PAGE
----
Donna Seto investigates why children born of wartime sexual violence are rarely included in post-conflict processes of reconciliation and recovery. The focus on children born of wartime sexual violence questions the framework of understanding war and recognizes that certain individuals are often forgotten or neglected. This book considers how children are neglected sites for the reproduction of global norms. It approaches this topic through an interdisciplinary perspective that questions how silence surrounding the issue of wartime sexual violence has prevented justice for children born of war from being achieved. In considering this, Seto examines how the theories and practices of mainstream International Relations (IR) can silence the experiences of war rape survivors and children born of wartime sexual violence and explores the theoretical frameworks within IR and the institutional structures that uphold protection regimes for children and women.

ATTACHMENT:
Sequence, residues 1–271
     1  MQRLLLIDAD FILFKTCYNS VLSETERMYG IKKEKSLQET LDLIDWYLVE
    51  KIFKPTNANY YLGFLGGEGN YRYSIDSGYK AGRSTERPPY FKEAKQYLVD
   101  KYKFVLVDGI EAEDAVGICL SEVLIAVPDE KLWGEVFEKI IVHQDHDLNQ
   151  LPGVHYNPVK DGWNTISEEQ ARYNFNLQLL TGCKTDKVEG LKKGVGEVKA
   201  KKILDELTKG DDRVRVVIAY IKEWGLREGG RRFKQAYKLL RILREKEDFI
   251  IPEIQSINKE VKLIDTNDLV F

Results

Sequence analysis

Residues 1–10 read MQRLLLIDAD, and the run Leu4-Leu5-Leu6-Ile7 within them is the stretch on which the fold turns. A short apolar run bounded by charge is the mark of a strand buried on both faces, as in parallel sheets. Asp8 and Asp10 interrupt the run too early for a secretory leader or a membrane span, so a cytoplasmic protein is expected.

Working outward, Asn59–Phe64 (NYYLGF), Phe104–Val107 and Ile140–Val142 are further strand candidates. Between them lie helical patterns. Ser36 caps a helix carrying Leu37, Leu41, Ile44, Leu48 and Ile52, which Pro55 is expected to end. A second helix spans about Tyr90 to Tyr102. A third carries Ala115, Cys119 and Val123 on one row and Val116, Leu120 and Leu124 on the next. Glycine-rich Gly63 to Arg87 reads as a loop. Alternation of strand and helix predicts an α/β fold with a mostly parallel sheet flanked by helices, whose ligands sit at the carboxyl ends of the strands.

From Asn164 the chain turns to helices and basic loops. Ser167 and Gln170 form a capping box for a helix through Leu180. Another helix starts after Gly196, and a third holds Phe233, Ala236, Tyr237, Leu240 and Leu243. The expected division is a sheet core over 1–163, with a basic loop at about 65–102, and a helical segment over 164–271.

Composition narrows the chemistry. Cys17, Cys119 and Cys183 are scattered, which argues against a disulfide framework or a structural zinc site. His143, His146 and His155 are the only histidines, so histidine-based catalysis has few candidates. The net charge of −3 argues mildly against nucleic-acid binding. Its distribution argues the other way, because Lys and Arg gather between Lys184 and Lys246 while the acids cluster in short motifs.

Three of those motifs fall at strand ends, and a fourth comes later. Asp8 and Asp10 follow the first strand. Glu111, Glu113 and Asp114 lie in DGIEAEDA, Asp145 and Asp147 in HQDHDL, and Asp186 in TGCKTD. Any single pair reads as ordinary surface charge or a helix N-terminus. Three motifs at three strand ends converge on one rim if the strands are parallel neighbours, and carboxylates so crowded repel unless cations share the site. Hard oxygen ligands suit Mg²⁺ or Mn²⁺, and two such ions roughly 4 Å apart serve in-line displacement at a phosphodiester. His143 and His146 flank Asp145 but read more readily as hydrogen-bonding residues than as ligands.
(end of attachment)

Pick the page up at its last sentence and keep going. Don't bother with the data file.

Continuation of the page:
’Feminist IR scholarship posits that much can be learnt from studying those actors seemingly most marginal to the high politics of war and security. Children born of wartime conflict symbolize both the complexity of conflict and the suffering that is engendered by conflict - and that is ongoing. International relations and human rights researchers and advocates have documented the pervasive use of sexual violence as a tactic of conflict but they have omitted to make visible the children who are born from this wartime rape. In this fascinating and compelling study, Donna Seto brings these missing children into our accounts of international relations, violence, and postconflict. In so doing, she models the responsibility of the scholar to attend to the exclusion and marginalization of subjects through research and critical analysis.’ Jacqui True, Monash University, Australia 'Through feminist and post-structural perspectives, No Place for a War Baby opens up a new space for studies on children born of wartime sex violence. This book is a pioneering work that deserves a wide readership, especially among academics, students, policy-makers and activists who are interested in international conflicts, feminism theories and human rights.' The Round Table '... more than most books on gender and international relations, this one will well serve a broad readership. For scholars, it will fill a gap in IR analysis generally and feminist IR work (where it will be most relevant) specifically. It outlines critical conceptual, theoretical, and empirical problems, while alerting scholars that traditional accounts of global politics routinely overlook children born of war rape. For policy makers, the book’s careful revelation of problems in children’s rights policy provides a good basis for reevaluating gender inequities in conflict mitigation and post-conflict reconstruction.' Michigan War Studies Review 'This book offers a significant review of the research evidenc